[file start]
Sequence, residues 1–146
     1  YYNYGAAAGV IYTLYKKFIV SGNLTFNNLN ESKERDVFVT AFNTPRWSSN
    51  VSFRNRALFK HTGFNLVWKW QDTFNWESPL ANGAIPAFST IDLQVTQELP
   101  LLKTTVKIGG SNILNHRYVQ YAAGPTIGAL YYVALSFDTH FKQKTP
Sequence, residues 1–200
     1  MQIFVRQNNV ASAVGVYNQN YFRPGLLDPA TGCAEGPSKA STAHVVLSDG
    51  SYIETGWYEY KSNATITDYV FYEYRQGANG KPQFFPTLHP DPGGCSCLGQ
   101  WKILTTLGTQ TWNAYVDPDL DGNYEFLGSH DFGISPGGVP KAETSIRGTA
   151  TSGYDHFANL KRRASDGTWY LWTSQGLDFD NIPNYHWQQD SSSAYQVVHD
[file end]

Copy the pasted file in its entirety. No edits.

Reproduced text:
Sequence, residues 1–146
     1  YYNYGAAAGV IYTLYKKFIV SGNLTFNNLN ESKERDVFVT AFNTPRWSSN
    51  VSFRNRALFK HTGFNLVWKW QDTFNWESPL ANGAIPAFST IDLQVTQELP
   101  LLKTTVKIGG SNILNHRYVQ YAAGPTIGAL YYVALSFDTH FKQKTP
Sequence, residues 1–200
     1  MQIFVRQNNV ASAVGVYNQN YFRPGLLDPA TGCAEGPSKA STAHVVLSDG
    51  SYIETGWYEY KSNATITDYV FYEYRQGANG KPQFFPTLHP DPGGCSCLGQ
   101  WKILTTLGTQ TWNAYVDPDL DGNYEFLGSH DFGISPGGVP KAETSIRGTA
   151  TSGYDHFANL KRRASDGTWY LWTSQGLDFD NIPNYHWQQD SSSAYQVVHD